What’s next for non-fungible tokens?July 2021
NFTs, or Non-Fungible Tokens have skyrocketed in value and popularity since they first appeared on the cryptocurrency scene in 2012. Especially in the art world, with crypto spending exploding since 2018 and the high-profile auctioning of NFT artworks stealing headlines across the globe. But with the weekly trade volume of NFTs peaking in late February, at just under $200 million dollars, this crypto phenomenon is now on the downswing. By June, it dropped to around $35 million, with the number of people using NFT marketplaces falling from 650,000 to 128,000 in the same period. Could this be goodbye to non-fungible tokenomics? Or might these uniquely encoded virtual assets bounce back? In this article we look back at what NFTs are and where they sprang from, and consider where they might be headed.
“Could this be goodbye to non-fungible tokenomics? Or might these uniquely encoded virtual assets bounce back?”
The NFT gold rush
Just to recap for anyone still not familiar with these virtual certificates of ownership, an NFT is an asset that can be bought with cryptocurrency, but it’s more covetable than your run-of-the-mill crypto coin. Why? Because it stores extra digital information, be that in the form of an acclaimed artwork, a coveted game ticket, a limited edition sneaker design, an obscure domain name, a fantasy football trading card, an entire album made by Kings of Leon, or even, as was the case recently, a $92,000 sock design.
Since November 2017,a whopping $174 million has been spent on NFTs, and much of that has come from sales in auction of art and music. These include a digital-only collage artwork by American artist Beepl, sold at Christie's for $69 million, a collection of works by crypto artist Pak, which fetched $17 million over three days at Sotheby’s, and $6 million worth of digital video pieces, sold by music artist Grimes in a short-notice online auction for $7,500 each.
“Since November 2017,a whopping $174 million has been spent on NFTs, and much of that has come from sales in auction of art and music.”
Just an “overhang” in crypto assets?
At first, it seemed NFTs came packed with advantages. For artists, they were a way to promote and sell their digitised work while retaining copyright and not having to relinquish 50% of sales to a gallery. For buyers, they were an opportunity to buy coveted artworks quickly, easily and digitally, giving them ownership, along with bragging rights, without taking up any physical space. Uniquely encrypted NFTs alo brought with them security and resell benefits — hard to fake, easy to sell on.
But despite these pros, does the sudden decline in trade volume suggest the NFT noise was mere hype? A big story that was going to draw to an inevitable conclusion? Anil Dash, CEO of the software company Glitch and co-creator of the first proto-NFT, attributes the rise of NFTs in the art world not to the crypto crowd suddenly caring about art, but to an “overhang in crypto assets.” An over-inflated market. And an opportunity for crypto enthusiasts to jump on the art bandwagon (rather than being something that could further art and support artists in the long term). He also, however, talks of a “small overlap” between the two worlds, a crossover of genuine mutual interest, and it’s perhaps in this, once the initial NFT noise has subsided, that the future for NFTs lies.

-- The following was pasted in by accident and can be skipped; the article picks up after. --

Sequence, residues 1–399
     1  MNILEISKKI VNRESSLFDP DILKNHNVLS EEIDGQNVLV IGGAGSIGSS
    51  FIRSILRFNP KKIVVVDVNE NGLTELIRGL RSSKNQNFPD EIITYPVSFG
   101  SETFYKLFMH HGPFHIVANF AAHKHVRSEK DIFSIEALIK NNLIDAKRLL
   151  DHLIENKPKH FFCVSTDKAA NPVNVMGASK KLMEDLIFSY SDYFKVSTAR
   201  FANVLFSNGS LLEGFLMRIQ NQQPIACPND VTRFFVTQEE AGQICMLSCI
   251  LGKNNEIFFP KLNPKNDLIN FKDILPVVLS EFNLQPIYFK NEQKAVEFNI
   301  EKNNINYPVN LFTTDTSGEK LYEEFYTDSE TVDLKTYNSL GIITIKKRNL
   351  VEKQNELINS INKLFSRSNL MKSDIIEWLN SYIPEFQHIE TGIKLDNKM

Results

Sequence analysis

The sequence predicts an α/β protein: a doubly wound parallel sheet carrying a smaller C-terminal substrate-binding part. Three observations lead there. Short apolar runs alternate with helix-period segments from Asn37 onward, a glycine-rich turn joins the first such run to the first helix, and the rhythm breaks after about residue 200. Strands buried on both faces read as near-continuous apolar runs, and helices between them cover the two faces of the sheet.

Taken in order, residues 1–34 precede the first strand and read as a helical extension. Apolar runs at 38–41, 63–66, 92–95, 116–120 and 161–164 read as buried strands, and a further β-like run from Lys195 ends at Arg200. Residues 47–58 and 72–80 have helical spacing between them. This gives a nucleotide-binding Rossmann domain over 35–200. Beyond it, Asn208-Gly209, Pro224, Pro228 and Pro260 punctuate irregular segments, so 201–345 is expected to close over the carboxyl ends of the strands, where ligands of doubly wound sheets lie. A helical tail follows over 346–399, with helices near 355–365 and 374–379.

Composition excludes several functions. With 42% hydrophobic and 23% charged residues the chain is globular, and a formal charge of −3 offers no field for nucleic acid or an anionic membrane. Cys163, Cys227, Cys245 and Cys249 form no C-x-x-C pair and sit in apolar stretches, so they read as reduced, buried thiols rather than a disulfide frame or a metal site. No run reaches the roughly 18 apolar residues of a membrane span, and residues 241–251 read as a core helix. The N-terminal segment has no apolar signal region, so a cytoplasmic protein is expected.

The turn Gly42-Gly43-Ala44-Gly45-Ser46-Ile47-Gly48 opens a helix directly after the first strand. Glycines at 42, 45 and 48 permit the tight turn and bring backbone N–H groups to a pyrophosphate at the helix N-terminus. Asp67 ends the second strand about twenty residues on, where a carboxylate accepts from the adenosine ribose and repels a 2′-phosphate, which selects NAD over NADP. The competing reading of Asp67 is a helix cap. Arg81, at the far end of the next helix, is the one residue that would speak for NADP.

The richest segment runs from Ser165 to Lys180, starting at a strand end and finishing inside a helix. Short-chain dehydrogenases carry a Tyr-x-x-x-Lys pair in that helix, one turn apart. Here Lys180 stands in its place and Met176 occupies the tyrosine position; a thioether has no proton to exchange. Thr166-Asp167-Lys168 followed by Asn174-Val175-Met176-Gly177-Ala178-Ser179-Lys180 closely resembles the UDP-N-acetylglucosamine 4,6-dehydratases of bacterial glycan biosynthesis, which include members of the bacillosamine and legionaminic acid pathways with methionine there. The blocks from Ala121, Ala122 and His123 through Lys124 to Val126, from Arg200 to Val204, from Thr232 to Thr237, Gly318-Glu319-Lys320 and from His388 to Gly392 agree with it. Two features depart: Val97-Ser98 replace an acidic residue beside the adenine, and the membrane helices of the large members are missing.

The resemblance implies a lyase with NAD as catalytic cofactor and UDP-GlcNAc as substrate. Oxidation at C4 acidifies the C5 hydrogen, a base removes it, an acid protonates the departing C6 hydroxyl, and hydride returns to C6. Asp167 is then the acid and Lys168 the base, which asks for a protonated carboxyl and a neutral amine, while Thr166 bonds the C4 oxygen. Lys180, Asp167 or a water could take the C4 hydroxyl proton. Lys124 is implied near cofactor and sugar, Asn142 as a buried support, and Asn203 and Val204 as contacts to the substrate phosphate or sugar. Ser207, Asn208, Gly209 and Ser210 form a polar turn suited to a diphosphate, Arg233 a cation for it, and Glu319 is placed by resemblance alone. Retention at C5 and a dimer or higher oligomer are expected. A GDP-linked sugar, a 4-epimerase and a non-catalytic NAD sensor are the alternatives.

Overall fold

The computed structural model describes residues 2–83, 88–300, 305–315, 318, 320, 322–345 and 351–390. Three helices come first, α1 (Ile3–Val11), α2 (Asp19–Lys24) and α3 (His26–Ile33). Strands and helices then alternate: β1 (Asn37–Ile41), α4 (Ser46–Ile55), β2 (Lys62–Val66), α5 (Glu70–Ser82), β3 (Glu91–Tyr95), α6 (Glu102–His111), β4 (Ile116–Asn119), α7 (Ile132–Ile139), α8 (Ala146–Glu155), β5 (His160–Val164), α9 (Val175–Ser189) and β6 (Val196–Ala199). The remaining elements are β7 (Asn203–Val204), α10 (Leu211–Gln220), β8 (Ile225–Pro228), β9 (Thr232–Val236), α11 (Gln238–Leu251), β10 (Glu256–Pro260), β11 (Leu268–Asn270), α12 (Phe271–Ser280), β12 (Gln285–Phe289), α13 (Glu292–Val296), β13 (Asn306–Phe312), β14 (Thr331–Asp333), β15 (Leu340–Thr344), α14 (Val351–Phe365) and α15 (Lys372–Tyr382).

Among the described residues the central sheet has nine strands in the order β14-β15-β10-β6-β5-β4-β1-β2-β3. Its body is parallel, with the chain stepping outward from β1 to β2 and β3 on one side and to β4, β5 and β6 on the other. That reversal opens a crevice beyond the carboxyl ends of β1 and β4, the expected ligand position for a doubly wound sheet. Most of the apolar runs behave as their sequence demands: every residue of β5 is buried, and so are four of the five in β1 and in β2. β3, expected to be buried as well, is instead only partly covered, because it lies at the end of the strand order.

“Does the sudden decline in trade volume suggest the NFT noise was mere hype? A big story that was going to draw to an inevitable conclusion?”
A secondary market that might go the distance
Daniel Roberts, the editor in chief of the crypto-focused news site Decrypt, predicts there will be a gradual shaking out of the market. “A lot of the NFTs that were just money-grabs amid the hype will just fade away, but there will be use cases of NFTs that will remain and prove to have staying power and real value.” In other words, the story will be handed back to the artists and collectors that really cared about it in the first place, and today’ shrinking market may re-from into something more genuine, more inclusive, more enduring. According to The Art Newspaper, NFTs might also remain relevant for the opportunity for innovation that they bring, with the potential to automate the payment of resale royalties, for example, or create new types of profit-distribution.
“A lot of the NFTs that were just money-grabs amid the hype will just fade away, but there will be use cases of NFTs that will remain and prove to have staying power and real value.”
Still flying the non-fungible crypto flag? Or long lost in ether(eum)?
Are NFTs the long-awaited digital answer to collectables? The golden future of art collecting? The current state of NFT play would suggest not. But if you’re still dreaming of owning a GIF made by Grimes of a flying baby or a digital drawing of a cat by Paris Hilton, the show’s not over yet. Auction powerhouses like Christie’s and Sotheby’s are still selling NFTs for high prices to discerning buyers, including a hotly anticipated auction in June called “Hello, I'm Victor (FEWOCiOUS) and This Is My Life", which will auction a selection of digital artworks by 18-year-old trans artist FEWOCiOUS. And so long as British art institutions such as these are still exhibiting interest in NFTs and ramping up their virtual sales, there’s still a future for them.
“Auction powerhouses like Christie’s Sotheby’s are still selling NFTs for high prices to discerning buyers, including a hotly anticipated auction in June called “Hello, I'm Victor (FEWOCiOUS) and This Is My Life".
Illustration: Justyna Dybala